Bill
 

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ZCAT3 said:
Jim - it is right before the first position. Turn the key very slowly and just as the dash lights up stop. That said I actually hear the first click and still am able to get the SIA indicator to come up.

As for the SES light, this is not necessarily tied to the Service Indicator lights. The SES light comes on due to an OBD II error being read by the car's computer. This could be anything from a misfire in the combustion chamber, to an out of spec emissions reading at the O2 sensor, to an error at the MAF sensor, etc. You need to take the car to a service tech who can read the code to see what that is about.

Bill
Can he do that if the light has gone out? Thanks for the reply.
 

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Jim - that I do not know. If I were you, I would find an independent shop near you that does BMW service and give them a call. They should have an OBD II reader and if they would like to get your business should be willing to read the codes for you for no charge. It is a 5 minute process. I believe all error codes are stored until cleared by an OBD II reader, but you may be experiencing an actual problem with the light itself.
 

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Discussion Starter · #18 ·
Jim Dolan said:
greg,

Having the same SES intermittent light problem... Anyway has your SES light gone out for good or not let us know. Since I had a dealer serviced Inspection I and coolant flush if I could save the time of going to the dealer without hurting anything I would.
Hi, Jim - Thanks to ZCAT for answering your 1st Q. The nav screen backlight comes up, followed by the red airbag warning light - that's when to stop turning the key. I don't know if all of the other "secret handshake" (door closed, belt up, clutch in) are all required, but I didn't experiement to find out. I have not had an SES light since, but I will let a little more time go by before drawing any conclusions.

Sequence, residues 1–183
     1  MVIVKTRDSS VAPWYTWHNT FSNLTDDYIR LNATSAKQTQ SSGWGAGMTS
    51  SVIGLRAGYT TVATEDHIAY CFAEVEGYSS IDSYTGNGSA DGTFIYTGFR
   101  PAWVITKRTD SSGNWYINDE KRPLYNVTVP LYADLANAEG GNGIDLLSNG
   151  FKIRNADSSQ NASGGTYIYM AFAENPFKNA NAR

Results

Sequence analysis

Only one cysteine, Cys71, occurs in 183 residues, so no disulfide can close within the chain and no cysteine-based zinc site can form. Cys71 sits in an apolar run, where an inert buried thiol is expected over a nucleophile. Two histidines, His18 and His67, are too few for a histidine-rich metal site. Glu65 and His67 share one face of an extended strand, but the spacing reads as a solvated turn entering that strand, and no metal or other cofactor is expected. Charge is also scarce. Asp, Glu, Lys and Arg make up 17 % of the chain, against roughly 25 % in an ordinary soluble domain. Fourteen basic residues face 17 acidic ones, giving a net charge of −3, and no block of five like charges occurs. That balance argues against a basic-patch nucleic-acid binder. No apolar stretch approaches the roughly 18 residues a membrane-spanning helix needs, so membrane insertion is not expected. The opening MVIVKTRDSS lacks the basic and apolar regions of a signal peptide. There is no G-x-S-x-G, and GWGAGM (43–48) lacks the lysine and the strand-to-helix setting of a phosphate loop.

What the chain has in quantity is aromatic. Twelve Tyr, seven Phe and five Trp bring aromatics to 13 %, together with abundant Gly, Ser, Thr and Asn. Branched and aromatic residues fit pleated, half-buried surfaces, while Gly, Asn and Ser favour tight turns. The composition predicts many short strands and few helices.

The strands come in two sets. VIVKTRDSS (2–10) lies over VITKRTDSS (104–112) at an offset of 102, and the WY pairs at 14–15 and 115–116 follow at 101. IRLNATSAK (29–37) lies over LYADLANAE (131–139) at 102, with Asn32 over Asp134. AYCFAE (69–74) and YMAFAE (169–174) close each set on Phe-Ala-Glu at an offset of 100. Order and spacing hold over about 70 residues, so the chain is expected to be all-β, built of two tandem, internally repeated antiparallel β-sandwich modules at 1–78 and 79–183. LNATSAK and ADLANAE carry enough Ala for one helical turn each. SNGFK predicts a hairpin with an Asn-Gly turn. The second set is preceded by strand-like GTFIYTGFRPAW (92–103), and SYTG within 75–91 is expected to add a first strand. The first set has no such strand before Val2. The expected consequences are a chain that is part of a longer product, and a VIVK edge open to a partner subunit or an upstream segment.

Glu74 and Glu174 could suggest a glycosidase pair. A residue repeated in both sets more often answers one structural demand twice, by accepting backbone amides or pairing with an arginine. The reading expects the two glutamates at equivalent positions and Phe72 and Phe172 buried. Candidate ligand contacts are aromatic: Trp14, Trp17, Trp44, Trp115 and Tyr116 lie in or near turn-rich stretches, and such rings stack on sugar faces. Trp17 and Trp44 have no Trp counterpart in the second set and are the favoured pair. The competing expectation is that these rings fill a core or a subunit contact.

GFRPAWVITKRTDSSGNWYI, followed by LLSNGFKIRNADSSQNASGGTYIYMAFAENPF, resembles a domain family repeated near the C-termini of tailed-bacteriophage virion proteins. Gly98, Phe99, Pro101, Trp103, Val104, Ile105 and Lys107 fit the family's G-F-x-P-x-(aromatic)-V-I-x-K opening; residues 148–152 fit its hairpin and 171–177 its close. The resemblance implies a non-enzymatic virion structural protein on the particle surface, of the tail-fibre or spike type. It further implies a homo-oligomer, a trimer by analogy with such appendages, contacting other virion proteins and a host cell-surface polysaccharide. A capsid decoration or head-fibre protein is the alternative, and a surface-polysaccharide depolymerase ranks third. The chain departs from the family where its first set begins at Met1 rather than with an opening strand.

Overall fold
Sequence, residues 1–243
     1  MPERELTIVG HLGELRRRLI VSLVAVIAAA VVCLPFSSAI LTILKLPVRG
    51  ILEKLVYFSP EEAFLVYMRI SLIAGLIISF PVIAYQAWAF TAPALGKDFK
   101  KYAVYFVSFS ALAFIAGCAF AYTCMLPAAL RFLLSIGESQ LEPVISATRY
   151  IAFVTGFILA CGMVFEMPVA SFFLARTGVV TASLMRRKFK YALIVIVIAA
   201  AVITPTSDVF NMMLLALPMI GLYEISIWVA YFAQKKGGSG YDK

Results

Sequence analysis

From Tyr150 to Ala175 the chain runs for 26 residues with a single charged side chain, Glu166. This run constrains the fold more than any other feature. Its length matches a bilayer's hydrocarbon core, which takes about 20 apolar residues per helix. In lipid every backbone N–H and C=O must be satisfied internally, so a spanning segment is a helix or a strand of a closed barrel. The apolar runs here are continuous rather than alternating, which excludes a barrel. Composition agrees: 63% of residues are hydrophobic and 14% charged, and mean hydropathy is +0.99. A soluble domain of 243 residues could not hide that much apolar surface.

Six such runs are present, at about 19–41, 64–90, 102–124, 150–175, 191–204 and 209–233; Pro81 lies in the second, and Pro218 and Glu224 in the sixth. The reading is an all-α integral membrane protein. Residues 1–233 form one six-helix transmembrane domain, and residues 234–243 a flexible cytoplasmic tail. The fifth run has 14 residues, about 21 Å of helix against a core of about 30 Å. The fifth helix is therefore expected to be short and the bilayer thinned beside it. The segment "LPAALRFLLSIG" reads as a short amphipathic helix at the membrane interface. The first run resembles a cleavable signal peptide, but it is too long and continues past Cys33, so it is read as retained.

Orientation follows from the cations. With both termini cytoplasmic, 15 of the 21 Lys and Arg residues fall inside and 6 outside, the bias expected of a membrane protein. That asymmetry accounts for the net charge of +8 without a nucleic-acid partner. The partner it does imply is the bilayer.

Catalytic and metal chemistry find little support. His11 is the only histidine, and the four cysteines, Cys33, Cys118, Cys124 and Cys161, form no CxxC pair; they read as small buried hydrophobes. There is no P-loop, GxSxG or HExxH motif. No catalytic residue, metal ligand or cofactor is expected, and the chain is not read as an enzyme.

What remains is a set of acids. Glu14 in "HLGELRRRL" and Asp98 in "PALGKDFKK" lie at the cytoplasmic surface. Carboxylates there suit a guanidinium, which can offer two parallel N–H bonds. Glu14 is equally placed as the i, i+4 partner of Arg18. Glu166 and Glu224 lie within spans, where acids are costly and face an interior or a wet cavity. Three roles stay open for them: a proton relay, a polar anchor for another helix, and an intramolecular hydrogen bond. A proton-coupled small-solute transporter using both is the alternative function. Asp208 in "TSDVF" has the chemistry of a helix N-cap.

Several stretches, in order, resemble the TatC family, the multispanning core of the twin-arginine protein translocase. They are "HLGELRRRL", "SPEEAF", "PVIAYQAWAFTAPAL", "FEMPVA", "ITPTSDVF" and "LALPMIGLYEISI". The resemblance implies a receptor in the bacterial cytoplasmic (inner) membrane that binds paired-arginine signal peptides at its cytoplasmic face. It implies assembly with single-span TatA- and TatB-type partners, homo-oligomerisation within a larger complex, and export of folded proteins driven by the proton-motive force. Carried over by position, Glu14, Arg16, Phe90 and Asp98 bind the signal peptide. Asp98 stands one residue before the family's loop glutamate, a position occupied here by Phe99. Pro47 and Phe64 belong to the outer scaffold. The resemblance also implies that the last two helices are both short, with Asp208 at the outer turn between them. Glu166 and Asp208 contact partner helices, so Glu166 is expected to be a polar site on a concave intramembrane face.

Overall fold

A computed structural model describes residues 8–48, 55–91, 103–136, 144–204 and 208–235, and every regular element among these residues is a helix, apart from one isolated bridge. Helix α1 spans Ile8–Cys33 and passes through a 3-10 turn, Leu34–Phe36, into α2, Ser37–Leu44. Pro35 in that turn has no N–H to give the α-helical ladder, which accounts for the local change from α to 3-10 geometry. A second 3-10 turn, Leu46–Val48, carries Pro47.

As for the post further up the thread about "how do I know when it is time" - 1st - use mileage. Nothing wrong with servicing more often. However, as long as you're still under warranty/maintenance agreement, your dealer may have a policy about not performing maintenance services until the service indicator light is down to the yellow light only. I know mine does. So don't reset your service indicator unless you did the service!
 

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greg said:
...As for the post further up the thread about "how do I know when it is time" - 1st - use mileage. Nothing wrong with servicing more often. However, as long as you're still under warranty/maintenance agreement, your dealer may have a policy about not performing maintenance services until the service indicator light is down to the yellow light only. I know mine does. So don't reset your service indicator unless you did the service!
Hi greg - I thought the lights were for oil change. The oil/filter has been changed three times in ~11,000 miles. Is there a service/inspection at approx some mileage point, such as 15,000 miles?


Thanks, Bill
 

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Discussion Starter · #20 · (Edited)
ELEVENS said:
Hi greg - I thought the lights were for oil change. The oil/filter has been changed three times in ~11,000 miles. Is there a service/inspection at approx some mileage point, such as 15,000 miles?
Oil change is only part of an "Inspection I" or "Inspection II" which is a through check of all safety aspects (brake linings, suspension points, tread wear, battery, brake fluid, coolant level, etc.) as well as replacement of various filters, etc. It is questionable whether changing your oil every 15K miles is enough - but you certainly shouldn't go longer than that without checking/servicing all this other stuff.

The items "inspected" or serviced in an I-I or an I-II are posted in other threads on this board, and are also called out in your owners/maintenance manual.